“Though it sounds horrible to come before you and say, ‘I really want to go after the victim’s reputation,’ that is simply what the Sixth Amendment tells us we have to do,” Mark O’Mara, Zimmerman’s attorney, told a judge last year.
Jorge Rivas, Wednesday, January 16 2013, 12:01 PM EST
Vogue’s contributing editor André Leon Talley sat down with “Beasts of the Southern Wild” actress Quvenzhané Wallis to talk fashion this past weekend… except she didn’t really didn’t want to talk fashion.
Jorge Rivas, Wednesday, January 16 2013, 11:06 AM EST
On Monday the National Rifle Association (NRA) released a new commercial attacking Obama — and citing his children to do so. The 35-second ad describes the President as an “elitist hypocrite” for having his daughters Sasha and Malia under Secret Service protection and asks why he’s “being skeptical about putting armed security” in other schools.
The group, who opposes any laws reducing gun violence, asks “Are the president’s kids more important than yours?” because Obama’s “kids are protected by armed guards at their school.”
The White House declined to address the accusations in the ad, but Obama’s former press secretary and senior adviser, Robert Gibbs responded to the ad on MSNBC, calling it “disgusting on many levels.”
“It’s also just stupid,” said Gibbs. “This reminds me of an ad that somebody made at about 2 o’clock in the morning after one too many drinks, and no one stopped it in the morning.”
Immigrant rights activist Erika Andiola penned an open letter to her Arizona senators, Sens. John McCain and Jeff Flake, urging them to defend immigrant families after experiencing the horrors of the immigration detention firsthand last Thursday. Media-savvy and well-connected, Andiola was able to win rapid release of her mother Maria Arreola and Heriberto Andiola after they were detained by immigration agents last week. But immediately upon their release, Andiola used her unique position to highlight just how common and unjust her family’s brush with near-deportation was.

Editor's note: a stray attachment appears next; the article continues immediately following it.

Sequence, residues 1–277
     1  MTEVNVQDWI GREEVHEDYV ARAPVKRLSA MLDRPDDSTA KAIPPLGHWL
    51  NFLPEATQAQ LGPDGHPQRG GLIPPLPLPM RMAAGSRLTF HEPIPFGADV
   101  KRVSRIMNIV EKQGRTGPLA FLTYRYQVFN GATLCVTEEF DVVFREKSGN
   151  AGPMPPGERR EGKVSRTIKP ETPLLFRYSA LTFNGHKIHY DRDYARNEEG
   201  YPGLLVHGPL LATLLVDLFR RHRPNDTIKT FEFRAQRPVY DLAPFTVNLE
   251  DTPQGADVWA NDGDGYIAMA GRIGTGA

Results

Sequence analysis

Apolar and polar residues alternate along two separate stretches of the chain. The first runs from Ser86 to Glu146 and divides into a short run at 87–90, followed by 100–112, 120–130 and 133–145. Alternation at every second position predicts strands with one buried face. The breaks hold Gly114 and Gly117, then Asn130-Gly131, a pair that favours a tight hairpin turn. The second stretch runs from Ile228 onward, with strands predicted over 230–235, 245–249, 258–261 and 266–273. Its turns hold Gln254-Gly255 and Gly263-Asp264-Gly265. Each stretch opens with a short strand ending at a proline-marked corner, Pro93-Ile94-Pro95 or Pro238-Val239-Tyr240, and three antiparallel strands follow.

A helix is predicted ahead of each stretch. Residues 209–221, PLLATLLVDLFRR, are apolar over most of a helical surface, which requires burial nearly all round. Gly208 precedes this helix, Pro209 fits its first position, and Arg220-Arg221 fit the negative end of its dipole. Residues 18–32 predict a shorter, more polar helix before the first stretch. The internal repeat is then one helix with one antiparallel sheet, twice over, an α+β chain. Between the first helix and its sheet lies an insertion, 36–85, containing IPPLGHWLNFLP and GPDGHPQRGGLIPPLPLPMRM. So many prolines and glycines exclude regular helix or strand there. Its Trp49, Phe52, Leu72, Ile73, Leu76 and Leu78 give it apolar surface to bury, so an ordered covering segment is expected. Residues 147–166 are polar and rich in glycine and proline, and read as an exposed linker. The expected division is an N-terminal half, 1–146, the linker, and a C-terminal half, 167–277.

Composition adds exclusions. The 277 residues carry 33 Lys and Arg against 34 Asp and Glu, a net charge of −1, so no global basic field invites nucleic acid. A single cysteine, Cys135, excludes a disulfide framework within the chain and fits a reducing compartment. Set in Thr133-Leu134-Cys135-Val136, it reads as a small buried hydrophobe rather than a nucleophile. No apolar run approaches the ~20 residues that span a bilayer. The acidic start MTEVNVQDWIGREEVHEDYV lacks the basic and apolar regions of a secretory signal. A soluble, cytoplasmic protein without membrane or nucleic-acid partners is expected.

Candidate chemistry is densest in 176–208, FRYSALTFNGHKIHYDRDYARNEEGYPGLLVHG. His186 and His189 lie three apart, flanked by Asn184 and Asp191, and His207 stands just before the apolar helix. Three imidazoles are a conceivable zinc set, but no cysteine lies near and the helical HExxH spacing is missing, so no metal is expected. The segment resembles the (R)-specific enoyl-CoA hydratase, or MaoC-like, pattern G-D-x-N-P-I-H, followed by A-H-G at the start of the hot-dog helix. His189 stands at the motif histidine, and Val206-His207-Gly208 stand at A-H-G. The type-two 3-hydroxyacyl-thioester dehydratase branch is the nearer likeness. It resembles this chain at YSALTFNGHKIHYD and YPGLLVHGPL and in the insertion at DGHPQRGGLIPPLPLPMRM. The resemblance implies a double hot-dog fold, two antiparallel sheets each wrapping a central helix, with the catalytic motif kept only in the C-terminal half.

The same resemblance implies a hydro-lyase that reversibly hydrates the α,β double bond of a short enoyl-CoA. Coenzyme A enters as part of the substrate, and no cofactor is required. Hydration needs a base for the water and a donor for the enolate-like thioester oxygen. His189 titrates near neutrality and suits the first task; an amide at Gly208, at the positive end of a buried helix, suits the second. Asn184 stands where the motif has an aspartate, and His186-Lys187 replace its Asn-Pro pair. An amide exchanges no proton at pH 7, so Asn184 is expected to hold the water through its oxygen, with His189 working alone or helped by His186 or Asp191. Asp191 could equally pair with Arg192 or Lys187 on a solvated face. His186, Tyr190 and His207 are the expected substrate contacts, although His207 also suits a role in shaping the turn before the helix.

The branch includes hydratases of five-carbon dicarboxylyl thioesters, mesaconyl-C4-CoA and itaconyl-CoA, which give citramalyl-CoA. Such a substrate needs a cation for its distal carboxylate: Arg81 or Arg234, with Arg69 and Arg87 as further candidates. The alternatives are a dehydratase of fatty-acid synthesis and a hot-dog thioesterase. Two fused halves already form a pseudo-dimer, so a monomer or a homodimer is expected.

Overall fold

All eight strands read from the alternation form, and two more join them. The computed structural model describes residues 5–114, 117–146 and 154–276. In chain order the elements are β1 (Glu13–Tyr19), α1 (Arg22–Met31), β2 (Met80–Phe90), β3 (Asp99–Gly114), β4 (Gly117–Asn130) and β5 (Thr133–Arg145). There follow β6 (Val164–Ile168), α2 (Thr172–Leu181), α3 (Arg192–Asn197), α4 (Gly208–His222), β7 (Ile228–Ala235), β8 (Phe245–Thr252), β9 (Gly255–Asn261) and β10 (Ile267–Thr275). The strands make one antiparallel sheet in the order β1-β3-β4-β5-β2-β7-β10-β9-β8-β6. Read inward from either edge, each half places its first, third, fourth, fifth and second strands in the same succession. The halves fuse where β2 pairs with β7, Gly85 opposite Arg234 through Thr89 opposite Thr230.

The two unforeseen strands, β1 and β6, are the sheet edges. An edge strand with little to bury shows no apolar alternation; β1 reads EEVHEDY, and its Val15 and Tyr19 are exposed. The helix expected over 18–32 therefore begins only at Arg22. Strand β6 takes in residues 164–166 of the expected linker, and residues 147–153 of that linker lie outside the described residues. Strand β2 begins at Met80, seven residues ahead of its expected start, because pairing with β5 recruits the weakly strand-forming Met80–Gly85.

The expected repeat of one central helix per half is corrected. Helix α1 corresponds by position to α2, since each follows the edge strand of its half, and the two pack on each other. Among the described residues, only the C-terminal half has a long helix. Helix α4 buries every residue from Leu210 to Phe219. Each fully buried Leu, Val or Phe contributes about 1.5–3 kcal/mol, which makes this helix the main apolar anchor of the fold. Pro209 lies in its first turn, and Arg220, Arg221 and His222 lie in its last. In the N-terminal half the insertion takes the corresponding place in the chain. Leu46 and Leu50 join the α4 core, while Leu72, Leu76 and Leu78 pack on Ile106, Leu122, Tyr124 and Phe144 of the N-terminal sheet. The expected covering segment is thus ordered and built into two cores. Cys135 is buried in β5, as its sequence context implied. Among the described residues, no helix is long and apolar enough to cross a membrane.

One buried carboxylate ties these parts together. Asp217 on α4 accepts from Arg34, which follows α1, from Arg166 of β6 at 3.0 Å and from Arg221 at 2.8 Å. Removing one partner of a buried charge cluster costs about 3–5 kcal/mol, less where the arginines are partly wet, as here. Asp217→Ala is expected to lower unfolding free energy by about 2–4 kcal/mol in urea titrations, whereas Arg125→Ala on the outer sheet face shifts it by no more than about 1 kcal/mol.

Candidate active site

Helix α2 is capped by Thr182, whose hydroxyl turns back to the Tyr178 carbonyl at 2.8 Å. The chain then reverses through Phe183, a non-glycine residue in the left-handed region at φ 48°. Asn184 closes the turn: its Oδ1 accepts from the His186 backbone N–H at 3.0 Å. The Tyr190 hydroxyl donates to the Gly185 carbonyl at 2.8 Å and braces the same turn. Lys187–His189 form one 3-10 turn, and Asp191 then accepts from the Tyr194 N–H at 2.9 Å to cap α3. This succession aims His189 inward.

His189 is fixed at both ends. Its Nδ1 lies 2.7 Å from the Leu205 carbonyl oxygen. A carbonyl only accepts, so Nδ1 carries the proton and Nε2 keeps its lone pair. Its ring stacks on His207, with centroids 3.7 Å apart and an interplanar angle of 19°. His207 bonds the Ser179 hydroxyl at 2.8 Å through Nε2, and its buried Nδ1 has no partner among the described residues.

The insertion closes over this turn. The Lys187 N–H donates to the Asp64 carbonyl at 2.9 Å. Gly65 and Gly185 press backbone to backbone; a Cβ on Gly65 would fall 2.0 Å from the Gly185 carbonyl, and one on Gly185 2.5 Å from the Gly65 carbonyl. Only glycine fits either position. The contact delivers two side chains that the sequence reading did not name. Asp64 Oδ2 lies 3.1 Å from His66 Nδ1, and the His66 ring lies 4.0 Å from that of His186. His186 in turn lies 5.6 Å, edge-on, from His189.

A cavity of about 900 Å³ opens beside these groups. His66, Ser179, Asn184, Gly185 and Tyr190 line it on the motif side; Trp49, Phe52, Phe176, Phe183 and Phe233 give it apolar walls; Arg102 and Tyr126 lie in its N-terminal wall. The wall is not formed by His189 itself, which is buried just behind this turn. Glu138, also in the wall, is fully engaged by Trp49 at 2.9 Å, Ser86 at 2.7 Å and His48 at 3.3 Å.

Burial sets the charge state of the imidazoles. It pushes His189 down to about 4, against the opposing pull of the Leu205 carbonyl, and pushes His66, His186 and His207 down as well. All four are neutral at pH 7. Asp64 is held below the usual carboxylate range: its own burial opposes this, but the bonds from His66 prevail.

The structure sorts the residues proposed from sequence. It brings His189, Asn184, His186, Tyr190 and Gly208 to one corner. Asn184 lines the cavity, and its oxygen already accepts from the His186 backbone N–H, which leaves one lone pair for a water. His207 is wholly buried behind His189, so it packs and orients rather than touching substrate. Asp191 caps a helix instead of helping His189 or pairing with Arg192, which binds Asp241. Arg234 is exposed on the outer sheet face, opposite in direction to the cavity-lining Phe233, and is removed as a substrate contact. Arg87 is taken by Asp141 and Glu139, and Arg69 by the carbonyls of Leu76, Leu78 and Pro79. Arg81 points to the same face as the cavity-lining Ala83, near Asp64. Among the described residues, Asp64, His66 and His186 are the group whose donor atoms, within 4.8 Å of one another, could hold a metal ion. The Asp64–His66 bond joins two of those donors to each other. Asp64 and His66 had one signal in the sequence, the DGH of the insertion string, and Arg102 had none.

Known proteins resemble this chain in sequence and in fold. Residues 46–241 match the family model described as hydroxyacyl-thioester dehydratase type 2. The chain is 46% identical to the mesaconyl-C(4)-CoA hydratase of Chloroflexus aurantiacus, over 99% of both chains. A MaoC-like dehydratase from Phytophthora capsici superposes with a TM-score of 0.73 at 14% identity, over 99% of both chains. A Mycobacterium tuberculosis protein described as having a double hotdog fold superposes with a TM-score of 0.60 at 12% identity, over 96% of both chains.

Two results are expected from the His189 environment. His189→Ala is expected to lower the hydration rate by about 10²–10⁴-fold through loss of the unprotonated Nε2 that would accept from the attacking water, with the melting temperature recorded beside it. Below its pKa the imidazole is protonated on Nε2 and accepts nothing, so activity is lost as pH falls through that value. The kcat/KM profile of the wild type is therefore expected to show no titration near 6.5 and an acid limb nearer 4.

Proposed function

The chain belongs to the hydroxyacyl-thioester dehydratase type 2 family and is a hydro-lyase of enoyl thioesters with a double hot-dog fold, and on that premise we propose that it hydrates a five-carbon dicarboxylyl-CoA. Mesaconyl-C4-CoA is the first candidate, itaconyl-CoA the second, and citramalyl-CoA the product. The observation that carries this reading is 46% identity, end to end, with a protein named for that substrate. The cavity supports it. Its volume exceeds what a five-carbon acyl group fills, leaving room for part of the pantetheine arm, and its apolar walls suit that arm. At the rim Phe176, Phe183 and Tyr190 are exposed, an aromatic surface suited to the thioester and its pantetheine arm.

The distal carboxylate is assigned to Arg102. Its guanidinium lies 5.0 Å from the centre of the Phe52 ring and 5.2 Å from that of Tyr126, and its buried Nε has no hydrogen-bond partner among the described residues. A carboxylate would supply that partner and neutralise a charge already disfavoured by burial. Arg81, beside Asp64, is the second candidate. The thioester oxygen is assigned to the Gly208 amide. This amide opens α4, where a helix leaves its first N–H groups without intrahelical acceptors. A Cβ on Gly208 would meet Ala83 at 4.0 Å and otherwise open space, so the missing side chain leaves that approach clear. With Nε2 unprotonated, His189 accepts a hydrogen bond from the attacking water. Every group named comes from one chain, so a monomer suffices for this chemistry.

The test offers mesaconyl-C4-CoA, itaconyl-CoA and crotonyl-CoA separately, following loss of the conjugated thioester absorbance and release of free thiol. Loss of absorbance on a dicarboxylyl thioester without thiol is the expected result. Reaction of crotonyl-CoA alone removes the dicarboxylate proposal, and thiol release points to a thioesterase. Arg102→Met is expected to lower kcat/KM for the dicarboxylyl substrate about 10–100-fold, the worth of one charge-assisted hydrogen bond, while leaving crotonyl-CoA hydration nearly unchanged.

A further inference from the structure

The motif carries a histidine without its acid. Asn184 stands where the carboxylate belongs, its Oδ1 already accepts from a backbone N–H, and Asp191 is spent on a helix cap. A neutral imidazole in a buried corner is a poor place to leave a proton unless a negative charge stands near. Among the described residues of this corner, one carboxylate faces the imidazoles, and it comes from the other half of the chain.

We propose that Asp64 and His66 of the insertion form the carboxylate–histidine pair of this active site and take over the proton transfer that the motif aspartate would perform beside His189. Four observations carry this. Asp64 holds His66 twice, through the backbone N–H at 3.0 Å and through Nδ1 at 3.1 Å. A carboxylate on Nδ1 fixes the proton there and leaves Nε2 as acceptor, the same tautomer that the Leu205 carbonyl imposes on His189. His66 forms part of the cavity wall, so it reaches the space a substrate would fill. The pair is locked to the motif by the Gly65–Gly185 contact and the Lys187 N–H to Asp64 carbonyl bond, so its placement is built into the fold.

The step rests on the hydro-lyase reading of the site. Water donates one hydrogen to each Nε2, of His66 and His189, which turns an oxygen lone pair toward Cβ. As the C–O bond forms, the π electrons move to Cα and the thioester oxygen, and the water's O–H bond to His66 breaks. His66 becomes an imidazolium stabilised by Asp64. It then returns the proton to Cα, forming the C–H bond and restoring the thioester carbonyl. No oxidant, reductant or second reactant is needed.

Andiola, who cofounded the Arizona Dream Act Coalition and also serves as the government relations director for the D.C.-based undocumented youth lobbying organization DRM Capitol Group, wrote to McCain and Flake:
Thursday night I heard a banging knock at the door. I looked through the window and immigration agents asked me to open the door because they were conducting an “investigation”. They asked for Maria, my mother, and as soon she stepped out they abruptly pulled her with force and handcuffed her in front of me and Angel, my 16 year old brother. They also detained my older brother for no cause. Angel pointed out to them that they needed to take her medications because of her cancer, diabetes and high blood pressure. They laughed at his face told and ignored him. I felt helpless. Under this horrific scenario I didn’t know what else to do. I wanted to run and pull them both away from them but I couldn’t.
I spent an entire night crying and lonely. At every corner of my house, my mother and brother’s touches and memories were there. The most important people in my life had been taken from me.
Denzel Washington took his 22-year old daughter as his date to the Golden Globes on Sunday. The father-and-daughter duo walked down the red carpet holding hands leading everyone to assume he was with his 62-year-old wife.
The pair apparently had so many red carpet reporters confuse them for a couple that by the time Washington got to E!’s Ryan Seacrest the “Flight” actor just started the interview by saying “IT’S NOT MY WIFE, PAULETTA.”
Gawker points out folks on Twitter were also confused. Several respected news agencies (including the New York Times) also issued corrections after they identified Washington’s daughter as his wife Pauletta.
Washington took his daughter Olivia to the Golden Globes and introduced her as a “budding young actress.”Olivia currently attends New York University, where she is studying acting.
Last year, Washington spoke candidly about the advice he gives his daughter as she enters the entertainment industry as a black woman.
The Evangelical Immigration Table launched a campaign on Monday to encourage Christians to think about immigration from a distinctly biblical perspective. The coalition says their “I Was a Stranger” immigration prayer challenge will reach out to political leaders and more than 100,000 churches.
The challenge invites individual evangelical Christians, church congregations, and legislators to read 40 verses of Scripture that relate to immigration and to pray that these passages will evoke the political will to create a just immigration system that better reflects Christian values.
“Loving God and Loving Neighbors is the same as Loving Immigrants. They are all symbiotically related,” Dave Gibbons, Pastor and Founder of Newsong Church said in a statement.
Today the Washington Post released the latest short film in a three-part series that explores the lives of black men in the U.S. The series titled “BrotherSpeak” asks black men about their fears, loves and dreams.